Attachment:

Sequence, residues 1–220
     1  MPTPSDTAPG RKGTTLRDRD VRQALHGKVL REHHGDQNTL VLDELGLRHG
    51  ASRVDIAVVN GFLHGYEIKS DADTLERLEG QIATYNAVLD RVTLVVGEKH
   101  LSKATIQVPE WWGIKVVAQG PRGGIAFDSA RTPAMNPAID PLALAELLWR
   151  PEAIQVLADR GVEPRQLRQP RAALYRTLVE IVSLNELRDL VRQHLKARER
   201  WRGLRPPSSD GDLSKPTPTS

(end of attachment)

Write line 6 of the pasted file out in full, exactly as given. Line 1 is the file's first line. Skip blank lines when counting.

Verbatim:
   201  WRGLRPPSSD GDLSKPTPTS